Hillenbrand’s Molding Technology Solutions (MTS) operating segment, which includes Milacron, Mold-Masters and DME, had $260 million in revenue during the fiscal-year second quarter, which ended March 31, 2023. This was up 4 percent over the same quarter a year ago. Hillenbrand said in its quarterly report that the improved performance was due to increased sales of injection molding equipment, favorable pricing and higher sales of aftermarket parts and service.  

"When we function within our Hillenbrand Operating Model, we’re driven by data, not opinions; we’re focused on proactive collaboration and a relentless commitment to continuous improvement. HOM alignment facilitates a more precise impact on efficiency, and in turn drives operational excellence across the organization," Jones said.

Stirn said Milacron focuses on developing equipment to improve processor efficiency. “Our customers are competing against other processors. A pail customer is competing against another customer molding pails and needs to have an advantage to win over his competitor,” he said. 

The company, which employs about 1,800 people globally, said it has long-standing relationships with 27,000 customers worldwide. 

“From the machine technology standpoint, what can we do to improve a customer’s efficiency to make him more competitive? That really is a big part of what we look at,” Stirn said. “Sometimes you get into the weeds, but ultimately it’s about making our customer more competitive in the market.” 

The machine that works for molding pails does not necessarily work for molding medical parts. “It’s a completely separate mousetrap,” he said.  

“You cannot just visit one customer and understand this market,” Stirn said. “You have to understand it from a variety of perspectives. Within the medical industry, there are a lot of sub-segments. You’ve got very narrow lanes in medical machines. Each need their own features to be super-competitive, and I think we do a good job of understanding that.” 

Even though Milacron builds plenty of specialized molding machines, Stirn said it can still compete with lower-priced, general-purpose machines.  

“Our Q series is a great fit for that market. We can add technology or bolt on technology to that platform when we need to. It is a very value-based machine. It is a very efficient machine,” he said. “Because of the enhancements we can make to the Q series, we are able to design a machine that meets customer specifications and at a very competitive price in the market.”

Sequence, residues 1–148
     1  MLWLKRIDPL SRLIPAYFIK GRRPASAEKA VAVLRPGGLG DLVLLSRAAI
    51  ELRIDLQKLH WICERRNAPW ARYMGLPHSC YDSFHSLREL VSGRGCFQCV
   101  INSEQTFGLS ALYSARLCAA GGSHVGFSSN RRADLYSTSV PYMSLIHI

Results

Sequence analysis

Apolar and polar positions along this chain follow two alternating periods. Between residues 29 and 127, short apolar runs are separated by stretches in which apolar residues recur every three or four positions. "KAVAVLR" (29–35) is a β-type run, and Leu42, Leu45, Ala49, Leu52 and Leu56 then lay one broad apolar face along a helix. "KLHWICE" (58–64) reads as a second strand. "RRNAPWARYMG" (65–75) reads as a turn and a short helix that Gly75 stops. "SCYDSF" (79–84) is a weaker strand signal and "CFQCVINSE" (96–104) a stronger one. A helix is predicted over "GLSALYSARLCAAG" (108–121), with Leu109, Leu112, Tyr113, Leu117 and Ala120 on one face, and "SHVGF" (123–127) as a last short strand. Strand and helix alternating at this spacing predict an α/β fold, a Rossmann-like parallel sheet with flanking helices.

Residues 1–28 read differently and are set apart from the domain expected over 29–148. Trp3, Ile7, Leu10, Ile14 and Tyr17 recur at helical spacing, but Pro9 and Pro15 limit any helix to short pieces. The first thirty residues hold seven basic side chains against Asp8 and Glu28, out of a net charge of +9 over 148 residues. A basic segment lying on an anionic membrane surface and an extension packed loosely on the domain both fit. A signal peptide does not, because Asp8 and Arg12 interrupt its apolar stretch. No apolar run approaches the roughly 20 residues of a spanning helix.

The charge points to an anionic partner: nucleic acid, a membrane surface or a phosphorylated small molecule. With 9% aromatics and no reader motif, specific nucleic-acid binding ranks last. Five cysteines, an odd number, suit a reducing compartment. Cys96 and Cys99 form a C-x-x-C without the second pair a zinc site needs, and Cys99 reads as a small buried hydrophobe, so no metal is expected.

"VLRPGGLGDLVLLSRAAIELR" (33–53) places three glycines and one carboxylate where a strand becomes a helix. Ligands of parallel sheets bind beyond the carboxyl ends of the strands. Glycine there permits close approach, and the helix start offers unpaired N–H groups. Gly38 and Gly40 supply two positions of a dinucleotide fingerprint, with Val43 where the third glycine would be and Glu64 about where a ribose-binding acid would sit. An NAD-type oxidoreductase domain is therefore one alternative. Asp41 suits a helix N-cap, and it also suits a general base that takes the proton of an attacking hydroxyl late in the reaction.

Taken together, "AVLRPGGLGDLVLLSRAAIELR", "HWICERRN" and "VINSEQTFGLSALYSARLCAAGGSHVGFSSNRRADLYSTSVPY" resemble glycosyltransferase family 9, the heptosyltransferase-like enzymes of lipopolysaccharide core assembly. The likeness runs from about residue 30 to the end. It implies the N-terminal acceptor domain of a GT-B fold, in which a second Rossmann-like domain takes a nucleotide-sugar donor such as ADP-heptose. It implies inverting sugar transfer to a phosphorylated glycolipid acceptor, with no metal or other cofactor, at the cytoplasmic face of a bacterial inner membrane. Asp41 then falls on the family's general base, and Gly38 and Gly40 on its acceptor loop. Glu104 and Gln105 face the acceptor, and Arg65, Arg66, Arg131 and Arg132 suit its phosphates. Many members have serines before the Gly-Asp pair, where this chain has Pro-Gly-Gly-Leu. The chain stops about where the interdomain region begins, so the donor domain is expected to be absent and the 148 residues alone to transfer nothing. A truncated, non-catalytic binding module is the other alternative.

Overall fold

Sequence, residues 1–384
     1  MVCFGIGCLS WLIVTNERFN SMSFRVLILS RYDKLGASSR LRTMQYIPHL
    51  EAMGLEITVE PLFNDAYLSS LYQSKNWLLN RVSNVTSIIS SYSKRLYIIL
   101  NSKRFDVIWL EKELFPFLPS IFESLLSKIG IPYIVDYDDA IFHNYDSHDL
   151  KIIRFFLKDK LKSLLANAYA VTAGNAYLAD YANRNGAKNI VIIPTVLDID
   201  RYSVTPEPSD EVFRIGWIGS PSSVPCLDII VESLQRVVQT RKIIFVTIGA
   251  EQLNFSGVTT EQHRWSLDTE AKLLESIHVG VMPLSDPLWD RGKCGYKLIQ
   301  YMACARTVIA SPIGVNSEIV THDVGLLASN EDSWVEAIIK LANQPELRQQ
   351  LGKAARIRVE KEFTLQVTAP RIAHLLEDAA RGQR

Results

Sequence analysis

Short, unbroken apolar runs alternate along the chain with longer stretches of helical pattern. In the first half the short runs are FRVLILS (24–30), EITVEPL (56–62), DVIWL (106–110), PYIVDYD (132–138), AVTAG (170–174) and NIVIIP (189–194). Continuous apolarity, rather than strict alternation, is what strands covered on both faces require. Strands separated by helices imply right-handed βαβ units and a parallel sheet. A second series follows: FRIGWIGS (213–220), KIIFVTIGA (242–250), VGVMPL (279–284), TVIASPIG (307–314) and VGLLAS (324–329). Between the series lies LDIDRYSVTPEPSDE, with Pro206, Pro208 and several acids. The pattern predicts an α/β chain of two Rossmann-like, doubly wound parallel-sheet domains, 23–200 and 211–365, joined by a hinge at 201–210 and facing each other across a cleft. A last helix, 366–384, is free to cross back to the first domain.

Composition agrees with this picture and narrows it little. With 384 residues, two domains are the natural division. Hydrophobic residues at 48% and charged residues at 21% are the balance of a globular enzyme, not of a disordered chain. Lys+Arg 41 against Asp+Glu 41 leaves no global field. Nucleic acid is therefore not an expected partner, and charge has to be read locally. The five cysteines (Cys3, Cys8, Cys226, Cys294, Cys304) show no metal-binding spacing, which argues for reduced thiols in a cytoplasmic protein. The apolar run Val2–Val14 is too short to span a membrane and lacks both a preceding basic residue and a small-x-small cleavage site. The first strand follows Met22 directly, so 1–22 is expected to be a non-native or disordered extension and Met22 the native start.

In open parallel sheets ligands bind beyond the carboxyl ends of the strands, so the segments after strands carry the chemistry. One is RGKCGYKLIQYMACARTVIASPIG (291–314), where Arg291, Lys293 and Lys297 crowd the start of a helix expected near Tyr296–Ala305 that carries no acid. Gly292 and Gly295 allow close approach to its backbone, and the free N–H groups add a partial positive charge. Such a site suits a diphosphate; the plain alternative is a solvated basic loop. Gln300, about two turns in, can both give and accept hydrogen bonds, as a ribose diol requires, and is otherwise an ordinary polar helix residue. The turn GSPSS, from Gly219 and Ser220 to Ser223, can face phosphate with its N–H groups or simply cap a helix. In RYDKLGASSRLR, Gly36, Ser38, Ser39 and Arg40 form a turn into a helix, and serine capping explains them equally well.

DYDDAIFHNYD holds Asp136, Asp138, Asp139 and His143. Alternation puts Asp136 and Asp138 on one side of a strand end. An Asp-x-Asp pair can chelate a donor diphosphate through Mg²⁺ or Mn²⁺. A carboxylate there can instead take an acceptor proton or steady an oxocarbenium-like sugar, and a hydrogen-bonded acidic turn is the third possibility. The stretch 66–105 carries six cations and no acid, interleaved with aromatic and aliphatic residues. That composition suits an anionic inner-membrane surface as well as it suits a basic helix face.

Its wide range of auxiliary equipment puts Milacron in a good spot to benefit as more processors buy complete cells.

“We saw a big demand spike in that in the late-2017-to-2019 time frame,” Stirn said. “But COVID really brought it to another level. There is so much talent leaving the industry, and customers are relying more on auxiliaries and integrated systems.” 

Joel Neller, director of assembly operations for North America, agreed. “COVID caused a lot of knowledge to leave our customers’ plants. Our customers came to us as a supplier and said, ‘We want to write one check. We want everything there. We want you to be the strategic partner for us.’ “ 

Automation growth has been a trend in plastics processing for some time,” Jones said. “Our industry continues to see a declining qualified labor pool in the skilled trades through attrition and availability. As a manufacturer, it’s a requirement to offer auxiliary equipment that meets the needs of the customers across the plastics processing value chain,” he said. 

Sustainability will play a bigger role in plastics processing machinery in the future, and Stirn said Milacron is well-positioned to take advantage of the trend. 

“Going back to 2000, we put energy-monitoring devices and equipment on our machines, and no one cared,” Stirn said. “But now, everything about energy, sustainability, recycling, bio-resins — all of that now is in play. It can make or break a big order. 

“I think we have some excellent designs on our all-electric and servo-hydraulic machines. We have some very energy-efficient equipment, and we probably don’t get enough credit for that,” he said. 

Jones said that Milacron is always looking for ways to improve the company’s sustainability results. Our manufacturing plants, machine technologies and our material and process expertise are all being optimized to generate improvements. We are continually evaluating technology cooperation within the Hillenbrand portfolio to offer processors unique solutions that will enhance their product offerings allowing for alternative and sustainable material use.”